So in summary, if priority could be given to patches that help future proof APIs just like priorities are given to security issues then much of these concerns would be rendered moot.
JMTCW, and thanks for considering.
P.S. If priority is given to these types of patches and I just am not aware of it, please forgive me for voicing the concern. I'm just trying to help...
 I have lots of other code now that I've recently written with the deep knowledge of how menus are stored because I couldn't make it work any other way and I'm afraid a future upgrade will break my client's plugin and he'll blame me for it breaking.
On Jun 18, 2010, at 11:49 AM, Matt Mullenweg wrote:
> On 6/17/2010 5:12 PM, Dan Gayle wrote:
>> I once again wish that Wordpress would adopt a two-pronged release strategy.
>> Yes, go ahead and release the latest, greatest bleeding edge version as your
>> main release. But please, PLEASE, start a long-term-support (LTS) branch.
>> Backport all the security fixes and keep something stable for at least the
>> previous release version.
> I used to think this was valid, hence the 2.0 LTS branch. Now, after working with hundreds of the largest companies and media properties in the world, I am philosophically opposed.
> While I like the theory of LTS, what happens in practice is it covers up the incompetence of IT or developers because they put off small slightly painful upgrades until they get so out of date of trunk (3 years? 5 years?) and you have to go through a giant, painful, screws everybody over upgrade.
> At a deeper level, it's disrespectful to your users. A good example is WYSIWYG, which we improved dramatically in the releases following 2.0. I would run into businesses who were sticking on 2.0 because it was LTS but their users were HATING WordPress because "making the WYSIWYG not suck" wasn't backported as a security fix.
> I would rather have them hating some other out-of-date CMS. I would rather the IT department do two hours of work every 3-4 months than a two-month death upgrade project every 5 years.
> Not backporting is a conscious decision. I would rather invest 100 hours in backward compatibility in a new version than 2 hours in backporting a fix to an obsolete version of WordPress. Plus, as noted by everyone else, backporting was often impossible because it wasn't one or two line fixes, it was architecture changes that would touch dozens of files. The LTS was actually *less* stable with these "fixes" backported because it had almost no one using it. Why?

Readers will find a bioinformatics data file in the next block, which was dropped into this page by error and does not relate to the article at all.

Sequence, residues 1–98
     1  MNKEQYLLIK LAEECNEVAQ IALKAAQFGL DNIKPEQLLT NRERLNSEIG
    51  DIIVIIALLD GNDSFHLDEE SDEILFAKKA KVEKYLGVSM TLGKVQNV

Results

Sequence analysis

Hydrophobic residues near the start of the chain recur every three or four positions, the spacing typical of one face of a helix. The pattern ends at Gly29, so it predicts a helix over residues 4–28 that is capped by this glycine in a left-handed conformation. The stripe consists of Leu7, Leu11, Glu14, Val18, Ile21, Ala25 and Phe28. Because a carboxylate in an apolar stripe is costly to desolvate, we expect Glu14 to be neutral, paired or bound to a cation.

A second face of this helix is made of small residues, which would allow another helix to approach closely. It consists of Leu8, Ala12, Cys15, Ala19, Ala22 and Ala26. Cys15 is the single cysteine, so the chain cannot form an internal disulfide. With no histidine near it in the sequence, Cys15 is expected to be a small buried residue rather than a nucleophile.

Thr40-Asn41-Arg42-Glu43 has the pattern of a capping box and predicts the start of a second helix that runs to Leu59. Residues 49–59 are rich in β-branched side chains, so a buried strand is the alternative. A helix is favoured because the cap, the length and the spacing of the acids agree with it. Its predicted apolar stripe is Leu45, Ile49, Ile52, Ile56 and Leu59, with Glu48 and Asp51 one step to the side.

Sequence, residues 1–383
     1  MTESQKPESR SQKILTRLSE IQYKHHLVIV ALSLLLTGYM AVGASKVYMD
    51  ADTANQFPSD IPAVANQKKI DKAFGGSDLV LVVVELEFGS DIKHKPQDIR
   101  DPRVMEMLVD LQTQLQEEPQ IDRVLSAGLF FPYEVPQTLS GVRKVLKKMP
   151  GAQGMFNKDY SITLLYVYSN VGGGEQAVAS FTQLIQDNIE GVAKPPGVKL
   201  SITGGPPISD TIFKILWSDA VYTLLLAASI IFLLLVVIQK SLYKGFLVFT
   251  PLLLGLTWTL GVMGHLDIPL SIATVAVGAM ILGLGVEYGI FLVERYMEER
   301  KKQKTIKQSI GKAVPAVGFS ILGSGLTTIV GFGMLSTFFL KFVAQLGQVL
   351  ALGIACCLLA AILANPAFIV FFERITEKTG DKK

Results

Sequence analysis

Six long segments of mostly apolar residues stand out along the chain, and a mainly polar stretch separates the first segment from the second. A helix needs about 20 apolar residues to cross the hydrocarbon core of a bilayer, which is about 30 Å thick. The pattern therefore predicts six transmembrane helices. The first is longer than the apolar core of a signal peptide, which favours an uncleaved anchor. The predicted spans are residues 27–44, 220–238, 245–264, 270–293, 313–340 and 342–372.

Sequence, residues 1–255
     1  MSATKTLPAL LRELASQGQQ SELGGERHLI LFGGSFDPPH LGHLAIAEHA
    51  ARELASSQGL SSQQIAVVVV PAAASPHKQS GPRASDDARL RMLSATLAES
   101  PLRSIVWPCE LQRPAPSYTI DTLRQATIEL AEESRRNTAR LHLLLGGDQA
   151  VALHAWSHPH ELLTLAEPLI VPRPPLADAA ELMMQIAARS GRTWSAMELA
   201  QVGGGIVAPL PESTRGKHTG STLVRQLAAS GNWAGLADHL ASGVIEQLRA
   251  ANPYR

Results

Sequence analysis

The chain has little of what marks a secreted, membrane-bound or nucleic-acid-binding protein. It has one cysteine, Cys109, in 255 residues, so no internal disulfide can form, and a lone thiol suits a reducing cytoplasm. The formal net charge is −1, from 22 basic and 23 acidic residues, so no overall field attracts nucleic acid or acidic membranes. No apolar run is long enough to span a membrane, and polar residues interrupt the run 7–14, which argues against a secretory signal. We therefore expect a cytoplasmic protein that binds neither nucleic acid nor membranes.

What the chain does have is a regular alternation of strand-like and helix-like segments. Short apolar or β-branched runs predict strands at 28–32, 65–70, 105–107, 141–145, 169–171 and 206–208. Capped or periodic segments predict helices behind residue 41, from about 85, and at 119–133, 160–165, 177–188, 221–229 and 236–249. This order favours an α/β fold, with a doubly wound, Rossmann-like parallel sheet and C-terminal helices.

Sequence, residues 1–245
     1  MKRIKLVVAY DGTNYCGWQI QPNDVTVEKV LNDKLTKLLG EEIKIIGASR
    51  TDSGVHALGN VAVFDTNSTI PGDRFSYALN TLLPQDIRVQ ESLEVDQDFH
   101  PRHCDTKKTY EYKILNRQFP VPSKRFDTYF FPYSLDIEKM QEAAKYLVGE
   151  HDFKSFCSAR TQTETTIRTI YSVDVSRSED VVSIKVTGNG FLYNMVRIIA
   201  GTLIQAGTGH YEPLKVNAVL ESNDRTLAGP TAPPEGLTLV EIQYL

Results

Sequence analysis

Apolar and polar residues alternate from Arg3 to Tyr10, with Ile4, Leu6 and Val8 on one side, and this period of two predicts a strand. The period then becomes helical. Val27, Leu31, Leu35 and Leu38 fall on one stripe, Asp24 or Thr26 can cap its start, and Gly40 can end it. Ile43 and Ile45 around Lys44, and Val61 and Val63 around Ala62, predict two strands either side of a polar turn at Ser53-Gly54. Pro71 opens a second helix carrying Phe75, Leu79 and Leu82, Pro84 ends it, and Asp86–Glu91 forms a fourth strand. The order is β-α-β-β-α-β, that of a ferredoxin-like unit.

> So if we had been able to stick to the 5 year cycle for 2.0, you would still be on something roughly like this version of WordPress:
> Please download it. Install it (someplace private). Make a post. Edit a theme. Upload a photo gallery. Use a custom post type (oh wait). It sucks. It's embarrassing we used to promote this software. We've learned so much, gotten so much better, and we're going to continue to.
> You don't even need to go that far back. Use 2.6 for a month. It's only about 2 years old.
> The best thing we could do for the savvy people inside these big companies is to give them a scapegoat they could blame the constant upgrades on (those open source hippies! keep making new software.) all the while they know it's really best for their site and their users.
> Plus, this is wp-hackers, we know upgrades aren't that bad. Half the people here run trunk. So does WP.com a good chunk of the year (and all the major sites hosted there).
> As the wizards of WordPress, the question we should be asking isn't how do we trap people in the jail of old versions for years at a time, but rather how do we make upgrading as easy, safe, and painless as possible to the point where we could even start auto-upgrading.
> Matt Mullenweg
> http://ma.tt | http://wordpress.org | http://automattic.com